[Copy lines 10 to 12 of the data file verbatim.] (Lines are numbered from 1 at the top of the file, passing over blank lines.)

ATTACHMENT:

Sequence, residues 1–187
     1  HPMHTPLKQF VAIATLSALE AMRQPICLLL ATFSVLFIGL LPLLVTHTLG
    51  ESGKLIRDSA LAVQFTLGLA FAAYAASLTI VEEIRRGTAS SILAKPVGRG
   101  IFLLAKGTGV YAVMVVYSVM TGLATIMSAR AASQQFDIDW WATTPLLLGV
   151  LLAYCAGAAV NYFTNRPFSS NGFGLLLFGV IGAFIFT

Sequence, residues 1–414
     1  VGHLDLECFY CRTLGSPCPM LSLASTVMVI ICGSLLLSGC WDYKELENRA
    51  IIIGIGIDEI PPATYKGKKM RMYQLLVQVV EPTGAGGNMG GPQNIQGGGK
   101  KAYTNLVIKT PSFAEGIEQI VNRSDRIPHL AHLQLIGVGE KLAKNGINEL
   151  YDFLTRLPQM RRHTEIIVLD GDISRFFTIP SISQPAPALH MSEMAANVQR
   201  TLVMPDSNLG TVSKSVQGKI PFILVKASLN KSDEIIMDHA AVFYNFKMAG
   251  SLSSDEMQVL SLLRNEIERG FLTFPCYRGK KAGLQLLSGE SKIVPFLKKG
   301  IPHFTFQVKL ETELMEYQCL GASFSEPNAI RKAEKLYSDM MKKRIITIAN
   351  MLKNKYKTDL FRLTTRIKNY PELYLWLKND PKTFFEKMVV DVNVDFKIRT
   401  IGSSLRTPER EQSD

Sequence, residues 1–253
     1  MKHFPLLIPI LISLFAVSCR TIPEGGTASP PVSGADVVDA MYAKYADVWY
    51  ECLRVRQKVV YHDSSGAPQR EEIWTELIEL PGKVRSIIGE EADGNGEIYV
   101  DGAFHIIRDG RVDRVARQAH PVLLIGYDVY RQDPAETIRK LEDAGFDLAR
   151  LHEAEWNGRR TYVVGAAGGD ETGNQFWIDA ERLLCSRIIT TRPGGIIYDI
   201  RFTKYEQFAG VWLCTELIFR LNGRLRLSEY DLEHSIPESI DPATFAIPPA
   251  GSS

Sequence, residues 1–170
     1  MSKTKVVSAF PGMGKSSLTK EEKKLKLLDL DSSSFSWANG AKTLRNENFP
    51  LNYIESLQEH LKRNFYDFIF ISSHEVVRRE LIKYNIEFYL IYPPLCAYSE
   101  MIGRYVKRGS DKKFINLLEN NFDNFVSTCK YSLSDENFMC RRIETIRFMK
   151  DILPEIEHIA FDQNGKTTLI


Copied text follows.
   151  YDFLTRLPQM RRHTEIIVLD GDISRFFTIP SISQPAPALH MSEMAANVQR
   201  TLVMPDSNLG TVSKSVQGKI PFILVKASLN KSDEIIMDHA AVFYNFKMAG
   251  SLSSDEMQVL SLLRNEIERG FLTFPCYRGK KAGLQLLSGE SKIVPFLKKG